In a short period of time, Malala Yousafzai has become a household name across the world. In 2012, at sixteen years old, Malala was shot by the Taliban in the Swat Valley of Pakistan for her outspoken activism on children’s education, particularly for young girls. Remaining in critical condition for days, she was eventually moved to a hospital in Birmingham, England, where she made a full recovery. In the wake of her shooting, Malala has received praise and recognition for her activism and has shone a spotlight on the absence of even the most basic of opportunities for the children in Taliban-controlled areas, due to the negligence of the Pakistani government.
Interviews with pundits such as Jon Stewart and a personal meeting with the Obama family have buttressed her position on the use of education as a weapon against the horrors of religious fundamentalism. This all hints at a new generation of leaders within Pakistan who have the will to truly counter the Taliban and other extremists. It is quite clear that such a will has been lacking in the Pakistani government thus far.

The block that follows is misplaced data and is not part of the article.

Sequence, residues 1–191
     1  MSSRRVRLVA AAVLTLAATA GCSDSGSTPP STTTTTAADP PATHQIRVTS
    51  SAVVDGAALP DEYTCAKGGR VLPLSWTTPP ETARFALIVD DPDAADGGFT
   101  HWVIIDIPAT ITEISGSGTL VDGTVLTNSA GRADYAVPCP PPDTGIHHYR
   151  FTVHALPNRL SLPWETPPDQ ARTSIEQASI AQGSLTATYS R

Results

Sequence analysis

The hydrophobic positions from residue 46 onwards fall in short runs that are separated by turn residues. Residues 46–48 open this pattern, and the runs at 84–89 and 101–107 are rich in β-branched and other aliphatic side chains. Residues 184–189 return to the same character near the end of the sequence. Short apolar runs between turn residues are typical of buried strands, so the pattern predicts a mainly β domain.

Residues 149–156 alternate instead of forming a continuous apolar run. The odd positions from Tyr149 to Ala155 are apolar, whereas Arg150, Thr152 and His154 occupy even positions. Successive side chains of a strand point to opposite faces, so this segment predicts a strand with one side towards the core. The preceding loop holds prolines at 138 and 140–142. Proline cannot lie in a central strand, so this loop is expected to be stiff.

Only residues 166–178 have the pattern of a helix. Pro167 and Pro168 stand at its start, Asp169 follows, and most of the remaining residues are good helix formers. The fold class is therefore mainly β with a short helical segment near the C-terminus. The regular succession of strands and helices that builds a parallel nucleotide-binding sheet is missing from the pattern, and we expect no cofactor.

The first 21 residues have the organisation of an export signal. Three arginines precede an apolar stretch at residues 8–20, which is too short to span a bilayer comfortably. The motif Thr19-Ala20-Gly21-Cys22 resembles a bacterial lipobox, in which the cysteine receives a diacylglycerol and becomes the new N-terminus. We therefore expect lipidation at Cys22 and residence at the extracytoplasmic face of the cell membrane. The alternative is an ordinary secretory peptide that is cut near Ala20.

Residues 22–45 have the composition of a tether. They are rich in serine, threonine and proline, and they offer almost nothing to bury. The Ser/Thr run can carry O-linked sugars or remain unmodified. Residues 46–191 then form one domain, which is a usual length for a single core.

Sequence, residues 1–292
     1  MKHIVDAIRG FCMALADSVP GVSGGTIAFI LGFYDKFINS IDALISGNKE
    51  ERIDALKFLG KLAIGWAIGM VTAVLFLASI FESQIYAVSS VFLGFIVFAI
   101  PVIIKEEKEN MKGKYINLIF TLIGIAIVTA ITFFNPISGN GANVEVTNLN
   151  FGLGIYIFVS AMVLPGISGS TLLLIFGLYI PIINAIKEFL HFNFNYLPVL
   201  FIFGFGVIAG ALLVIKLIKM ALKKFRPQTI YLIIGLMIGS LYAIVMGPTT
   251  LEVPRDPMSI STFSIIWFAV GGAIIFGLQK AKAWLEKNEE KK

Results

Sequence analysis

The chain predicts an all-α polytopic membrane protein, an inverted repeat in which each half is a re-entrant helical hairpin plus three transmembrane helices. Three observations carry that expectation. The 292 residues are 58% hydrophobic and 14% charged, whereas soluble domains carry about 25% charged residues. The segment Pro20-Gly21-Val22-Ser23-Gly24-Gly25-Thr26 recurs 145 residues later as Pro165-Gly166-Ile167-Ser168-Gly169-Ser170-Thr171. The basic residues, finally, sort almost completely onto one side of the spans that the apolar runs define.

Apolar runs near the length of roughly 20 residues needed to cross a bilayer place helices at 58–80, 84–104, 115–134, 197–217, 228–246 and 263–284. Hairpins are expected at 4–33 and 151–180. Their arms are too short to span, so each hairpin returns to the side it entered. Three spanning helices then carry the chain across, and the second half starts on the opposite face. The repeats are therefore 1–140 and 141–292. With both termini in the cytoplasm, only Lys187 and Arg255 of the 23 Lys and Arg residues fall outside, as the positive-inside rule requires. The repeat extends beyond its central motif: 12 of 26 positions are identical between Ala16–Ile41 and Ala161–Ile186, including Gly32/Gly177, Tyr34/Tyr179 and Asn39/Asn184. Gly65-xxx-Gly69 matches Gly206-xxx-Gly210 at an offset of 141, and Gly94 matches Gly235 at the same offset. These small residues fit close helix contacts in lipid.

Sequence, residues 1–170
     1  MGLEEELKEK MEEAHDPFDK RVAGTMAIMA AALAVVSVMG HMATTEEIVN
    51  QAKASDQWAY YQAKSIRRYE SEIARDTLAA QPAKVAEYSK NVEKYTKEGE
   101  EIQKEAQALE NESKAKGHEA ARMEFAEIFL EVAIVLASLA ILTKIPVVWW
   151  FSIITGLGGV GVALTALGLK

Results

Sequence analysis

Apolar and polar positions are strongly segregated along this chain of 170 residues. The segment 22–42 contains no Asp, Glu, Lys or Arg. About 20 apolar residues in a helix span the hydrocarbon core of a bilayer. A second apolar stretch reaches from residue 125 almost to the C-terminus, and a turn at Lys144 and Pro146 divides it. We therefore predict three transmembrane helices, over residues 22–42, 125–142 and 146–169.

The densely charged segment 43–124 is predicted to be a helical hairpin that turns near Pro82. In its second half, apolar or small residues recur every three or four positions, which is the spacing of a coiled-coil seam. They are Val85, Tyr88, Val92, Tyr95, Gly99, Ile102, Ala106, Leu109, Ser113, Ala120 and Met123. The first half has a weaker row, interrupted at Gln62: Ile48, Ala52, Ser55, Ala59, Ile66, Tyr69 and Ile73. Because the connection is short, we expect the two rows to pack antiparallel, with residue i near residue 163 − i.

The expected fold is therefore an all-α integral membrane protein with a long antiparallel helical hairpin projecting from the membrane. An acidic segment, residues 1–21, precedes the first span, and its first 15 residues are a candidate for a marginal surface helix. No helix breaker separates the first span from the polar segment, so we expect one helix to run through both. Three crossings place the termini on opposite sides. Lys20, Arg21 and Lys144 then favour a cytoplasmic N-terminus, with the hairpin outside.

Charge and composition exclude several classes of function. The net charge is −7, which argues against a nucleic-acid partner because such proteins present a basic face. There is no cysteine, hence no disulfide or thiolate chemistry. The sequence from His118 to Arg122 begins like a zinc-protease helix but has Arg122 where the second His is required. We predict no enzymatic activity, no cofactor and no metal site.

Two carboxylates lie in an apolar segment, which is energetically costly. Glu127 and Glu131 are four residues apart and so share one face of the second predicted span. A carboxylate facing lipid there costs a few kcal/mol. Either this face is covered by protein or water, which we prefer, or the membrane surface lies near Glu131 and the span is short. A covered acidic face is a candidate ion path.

If Malala realizes her dream of becoming a politician or, more realistically, if her current platform pushes the people of Pakistan to demand greater accountability from their current politicians, it could lead to a fundamental shift in Pakistani-American relations from its current state as a failed marriage of interests to a real, strategic partnership that it was always promised to be. More importantly, it could lead to a wider movement among the citizenry of Pakistan to reject the religious extremism that its leaders have tacitly supported for so long.
Pakistan is now at a crossroads between continued negligence and a chance for real governmental reform; the country just needs to expunge itself of the fundamentalist vein that has inflicted its recent history (which is, by no means, a small task). For this reason, Malala is not just a hero who reaffirms the ideals that we need to believe in and occasionally need to be reminded of; she is the embodiment of Pakistan’s potential for change. With Malala and others like her, a societal shift of great magnitude may be coming in Pakistan.